It started as a perfect day. Gino called my house and I got to the phone first, knowing he and his roommate drove down together. Kathy and I met up with them at the park. We listened to a tape from the band he’s playing with now; we talked, we kissed, and it felt great to be with him again. I didn’t want to leave, but I had to make an appearance at home, so we agreed to meet back up later.

Kathy and I arrived on time, but they weren’t there. I thought maybe they got lost, so we walked and walked and walked and walked, looking all over the place in both Scotia and in Schenectady. It got dark and we still didn’t find them anywhere. I don’t know what I would have done without Kathy. My eyes were red and swollen from crying so long and so hard.

Finally, we gave up looking, and stopped at the Schenectady side of the bridge to rest before making the rest of the trek home. It was late, we were exhausted from the miles we had walked, and I didn’t want my mother to see me upset, so I used a pay phone at the YMCA and called the only friend I knew with a car to ask for a short ride home. Lou came right away, and we squeezed into a Corvette he had just repossessed.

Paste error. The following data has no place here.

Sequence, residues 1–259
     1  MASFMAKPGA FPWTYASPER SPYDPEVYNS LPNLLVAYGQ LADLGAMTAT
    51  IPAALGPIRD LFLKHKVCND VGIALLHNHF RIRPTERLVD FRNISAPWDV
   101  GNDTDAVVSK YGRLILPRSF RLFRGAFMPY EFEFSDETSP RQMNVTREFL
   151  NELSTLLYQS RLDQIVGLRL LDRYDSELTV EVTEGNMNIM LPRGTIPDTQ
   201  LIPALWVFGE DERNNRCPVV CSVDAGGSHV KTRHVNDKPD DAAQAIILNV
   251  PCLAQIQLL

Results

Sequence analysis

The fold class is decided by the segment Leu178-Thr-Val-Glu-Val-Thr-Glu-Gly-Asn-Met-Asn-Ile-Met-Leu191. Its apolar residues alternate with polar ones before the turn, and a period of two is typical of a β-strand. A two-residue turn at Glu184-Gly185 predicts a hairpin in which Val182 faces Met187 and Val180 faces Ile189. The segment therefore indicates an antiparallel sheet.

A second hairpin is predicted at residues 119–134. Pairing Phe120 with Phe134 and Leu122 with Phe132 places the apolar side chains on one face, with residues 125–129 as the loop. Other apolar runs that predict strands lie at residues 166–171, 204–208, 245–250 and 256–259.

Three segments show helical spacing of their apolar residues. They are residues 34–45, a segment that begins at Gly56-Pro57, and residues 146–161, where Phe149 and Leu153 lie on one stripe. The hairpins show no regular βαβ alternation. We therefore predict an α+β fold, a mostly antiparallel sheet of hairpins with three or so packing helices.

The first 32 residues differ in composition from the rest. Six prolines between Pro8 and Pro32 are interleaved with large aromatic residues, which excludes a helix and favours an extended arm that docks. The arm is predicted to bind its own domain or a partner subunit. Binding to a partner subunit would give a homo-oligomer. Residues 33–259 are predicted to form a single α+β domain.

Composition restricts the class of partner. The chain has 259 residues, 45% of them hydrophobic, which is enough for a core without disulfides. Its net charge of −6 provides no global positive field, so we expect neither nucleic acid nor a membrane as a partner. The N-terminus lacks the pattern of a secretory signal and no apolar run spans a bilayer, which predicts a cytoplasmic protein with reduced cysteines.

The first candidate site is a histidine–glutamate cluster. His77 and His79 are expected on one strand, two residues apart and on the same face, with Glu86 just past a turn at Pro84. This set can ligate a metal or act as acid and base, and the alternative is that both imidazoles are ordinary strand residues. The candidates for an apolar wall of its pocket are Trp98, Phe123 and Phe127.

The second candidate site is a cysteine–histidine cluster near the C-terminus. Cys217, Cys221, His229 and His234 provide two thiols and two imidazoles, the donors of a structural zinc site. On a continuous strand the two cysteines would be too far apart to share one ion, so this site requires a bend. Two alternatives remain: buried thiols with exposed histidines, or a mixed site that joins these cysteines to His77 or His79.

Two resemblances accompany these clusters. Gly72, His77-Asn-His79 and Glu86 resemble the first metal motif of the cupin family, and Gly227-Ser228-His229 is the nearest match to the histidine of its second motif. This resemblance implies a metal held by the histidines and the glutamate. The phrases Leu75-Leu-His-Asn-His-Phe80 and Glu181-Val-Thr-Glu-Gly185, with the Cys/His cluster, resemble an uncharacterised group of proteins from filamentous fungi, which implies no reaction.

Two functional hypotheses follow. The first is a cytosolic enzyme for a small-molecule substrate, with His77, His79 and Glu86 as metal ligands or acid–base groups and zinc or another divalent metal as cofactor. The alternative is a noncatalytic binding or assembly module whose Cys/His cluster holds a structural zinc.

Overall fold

The next day, I called Gino’s apartment in Canada and was shocked when he answered the phone. He said that his roommate wanted to go back home, so they did. When I explained that I looked for him for hours, he apologized, and promised to borrow a car and come back by himself in a few days. We’ll see if he actually follows through.

Lou called my house a little later, asking to talk to me in person, and quickly arrived in the Corvette. He made it clear that he was totally pissed about everything I had done: not going to the picnic with him, seeing Gino, and then asking him for a ride. I could see his point; it was obnoxious and insensitive for me to go out with someone else, and then call him for transportation after I got stood up, and I apologized for that. But feeling sorry quickly turned to feeling scared, because while we talked, he drove like a maniac down a wide-open stretch of Route 5. There was no traffic to slow him, and between the speed and his attitude, it felt like neither he, nor the car, was in control. I braced myself against the dashboard and screamed at him to stop the car and let me out, even though we were near a spot along the river that freaks me out, where a girlfriend of mine had been raped and murdered when we were in grade school. He did not stop, but took me home, and peeled away after I got out without a word and shut the car door. Gino will be glad to know he doesn’t have to worry about my date from now on.

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